Densho Digital Archive
Densho Visual History Collection
Title: Shosuke Sasaki Interview
Narrator: Shosuke Sasaki
Interviewers: Frank Abe (primary), Stephen Fugita (secondary)
Location: Seattle, Washington
Date: May 18, 1997
Densho ID: denshovh-sshosuke-01-0011

<Begin Segment 11>

FA: Where were you when Japan bombed Pearl Harbor?

SS: Well then, I was in Seattle at that time. I remember that morning I was playing golf on the Jefferson Golf Course and I didn't know the war had started. I started around 7 o'clock that morning Seattle time and I got home around 1 o'clock in the afternoon. First time my mother told me. She said, "Shosuke, senso hajimemattayo."

FA: "War has broken out."

SS: Yeah, war has broken -- we were expecting it. And that, that was a cruel period where the U.S. was throwing every possible impediment into the economic success of the Japanese, both based in Japan and the Japanese here.

FA: I know you believe that the U.S. provoked war with Japan.

SS: Oh, that's absolutely no question. That's a fact of history. The U.S. was doing everything possible to provoke a war. They wanted, the U.S. wanted to get into the European war and the pacifist feeling in this country was so strong that they pulled the most successful trick in forcing Japan into a position where she had to strike first.

FA: And how did the U.S. do that?

SS: Well, the U.S. cut off all trade and most of all, the thing that forced Japan to strike Pearl Harbor, was the U.S. also got China, Holland and other countries that might have supplied her with oil, she had them cut all trade with Japan. So when she struck Pearl Harbor, Japan had only forty days of oil left. And for the relative weakness of Japan, well, the United States was rich. Japan knew good and well that they couldn't replace their losses. And I remember in those days, I used to read Japanese and English, Japanese newspapers, so I knew exactly how the Japanese felt. And the Japanese were practically on their knees begging Uncle Sam to ease up because they knew they couldn't win a war because of Japan's lack of resources and Yamamoto knew that. He said, "The first year I'll run wild with our Navy, but after the first year, the losses will start to hurt." That's exactly what happened.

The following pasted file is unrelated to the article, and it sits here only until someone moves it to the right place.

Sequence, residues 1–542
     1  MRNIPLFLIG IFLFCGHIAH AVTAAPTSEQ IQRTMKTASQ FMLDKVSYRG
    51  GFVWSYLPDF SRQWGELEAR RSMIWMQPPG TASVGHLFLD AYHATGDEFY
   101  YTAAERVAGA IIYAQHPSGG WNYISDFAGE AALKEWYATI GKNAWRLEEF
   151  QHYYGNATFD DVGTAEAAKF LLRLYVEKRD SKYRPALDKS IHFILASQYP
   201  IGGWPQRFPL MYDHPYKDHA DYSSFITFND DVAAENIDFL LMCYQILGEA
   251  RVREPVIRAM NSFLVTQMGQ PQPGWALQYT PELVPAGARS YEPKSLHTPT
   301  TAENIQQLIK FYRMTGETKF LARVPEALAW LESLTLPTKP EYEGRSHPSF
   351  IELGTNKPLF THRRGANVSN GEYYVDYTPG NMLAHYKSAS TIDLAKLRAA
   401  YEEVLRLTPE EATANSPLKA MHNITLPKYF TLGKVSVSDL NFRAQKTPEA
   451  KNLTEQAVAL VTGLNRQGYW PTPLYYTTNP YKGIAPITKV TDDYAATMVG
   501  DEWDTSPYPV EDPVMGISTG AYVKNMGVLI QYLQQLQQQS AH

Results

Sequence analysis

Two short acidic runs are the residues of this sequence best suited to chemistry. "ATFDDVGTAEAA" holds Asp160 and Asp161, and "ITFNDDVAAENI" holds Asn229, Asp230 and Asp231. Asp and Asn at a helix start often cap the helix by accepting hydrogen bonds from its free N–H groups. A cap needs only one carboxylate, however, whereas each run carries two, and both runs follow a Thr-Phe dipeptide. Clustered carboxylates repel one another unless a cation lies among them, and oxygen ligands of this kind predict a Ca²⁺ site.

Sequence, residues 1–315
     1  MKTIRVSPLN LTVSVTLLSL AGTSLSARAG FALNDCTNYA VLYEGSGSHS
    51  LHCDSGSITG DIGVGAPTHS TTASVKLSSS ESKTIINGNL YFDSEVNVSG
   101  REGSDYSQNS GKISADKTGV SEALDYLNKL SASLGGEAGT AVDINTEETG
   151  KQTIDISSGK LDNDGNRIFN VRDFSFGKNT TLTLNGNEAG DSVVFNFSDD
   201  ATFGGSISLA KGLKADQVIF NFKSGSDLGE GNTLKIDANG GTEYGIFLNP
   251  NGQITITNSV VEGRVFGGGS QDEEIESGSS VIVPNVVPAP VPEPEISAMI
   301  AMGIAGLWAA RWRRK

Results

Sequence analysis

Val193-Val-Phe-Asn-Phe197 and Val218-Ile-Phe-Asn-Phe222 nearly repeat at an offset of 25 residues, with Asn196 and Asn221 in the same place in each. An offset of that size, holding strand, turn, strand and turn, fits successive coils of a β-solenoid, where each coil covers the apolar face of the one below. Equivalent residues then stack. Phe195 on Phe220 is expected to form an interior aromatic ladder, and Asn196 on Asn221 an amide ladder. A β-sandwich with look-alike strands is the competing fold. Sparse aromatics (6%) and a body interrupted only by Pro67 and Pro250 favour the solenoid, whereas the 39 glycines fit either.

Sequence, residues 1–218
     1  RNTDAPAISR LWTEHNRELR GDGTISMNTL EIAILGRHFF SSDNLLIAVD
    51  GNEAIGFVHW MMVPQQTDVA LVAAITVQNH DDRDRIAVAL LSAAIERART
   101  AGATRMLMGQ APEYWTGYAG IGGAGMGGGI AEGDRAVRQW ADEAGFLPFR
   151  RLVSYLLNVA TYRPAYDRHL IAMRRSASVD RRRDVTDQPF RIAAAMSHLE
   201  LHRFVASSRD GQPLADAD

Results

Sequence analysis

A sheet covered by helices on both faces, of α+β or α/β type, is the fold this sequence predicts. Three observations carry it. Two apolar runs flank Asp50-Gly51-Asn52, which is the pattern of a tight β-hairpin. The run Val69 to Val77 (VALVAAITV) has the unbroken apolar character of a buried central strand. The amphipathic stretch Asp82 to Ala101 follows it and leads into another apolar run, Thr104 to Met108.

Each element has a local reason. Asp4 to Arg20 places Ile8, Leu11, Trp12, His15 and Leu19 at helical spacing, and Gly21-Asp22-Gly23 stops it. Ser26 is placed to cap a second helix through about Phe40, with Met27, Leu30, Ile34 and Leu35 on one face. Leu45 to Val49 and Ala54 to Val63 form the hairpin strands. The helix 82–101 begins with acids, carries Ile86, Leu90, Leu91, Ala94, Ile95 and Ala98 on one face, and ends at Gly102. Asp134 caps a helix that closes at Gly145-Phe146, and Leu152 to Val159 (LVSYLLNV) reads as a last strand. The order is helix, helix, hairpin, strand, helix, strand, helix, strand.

FA: Shosuke, when your mother told you that, "Shosuke, war has broken out." How did she tell you? Was she crying, was she shaking?

SS: No, she wasn't shaking. Oh no, my mother was a, she was a proud samurai daughter.

FA: How did she tell you?

SS: Well, she just, when I came in she just, "Shosuke, senso ga hajimemattayo." You know, when she said that, I knew what had happened.

FA: And how did you react?

SS: I reacted with pride. I thought, well, Japan has, the United States has been insulting Japan in every possible way and the Japanese have decided to stop accepting American insults every day like that. And I thought my feeling was one of pride. I knew that Japan didn't have a Chinaman's chance of winning. But at least she would be going down fighting.

FA: If you reacted with pride, Shosuke, the U.S. government interned all Japanese Americans because of suspicions about their loyalty...

SS: Well, what do you expect when I had only a Japanese citizenship? I was born and brought up there during the youngest years and I did not expect Japan to win the war. I felt that economically, she was so overmatched by American resources that Japan would lose the war unless they could come to some kind of a negotiated settlement. That was the thing I was hoping and praying for.

FA: But if you were proud Japan attacked Pearl Harbor, wasn't then, the U.S. government right to incarcerate you?

SS: No, no.

FA: Why not?

SS: Because I would not have been able to... I would not have done anything to harm this country.

SF: You went to "Camp Harmony."

SS: Yeah.

SF: If you were an Issei, why didn't you get to sent to a Department of Justice internment camp like the other Isseis were sent to?

SS: Well, because I was relatively young yet. I was actually the youngest of the Issei, really.

FA: He was also not named on the lists that the Department of Justice had when they had the round-up for the Issei and only the community leaders of the Issei were picked up and interned in Department of Justice camps.

SS: Also, the, I had a reputation in Seattle of being a law-abiding boy that was very loyal and helpful to his mother.

FA: How old were you at the time of Pearl Harbor?

SS: Well, let's see... thirty. That was '42, wasn't it?

FA: 1941.

SS: '41. Well, I was born in 1912. So I was twenty-nine or thirty.

<End Segment 11> - Copyright © 1997 Densho. All Rights Reserved.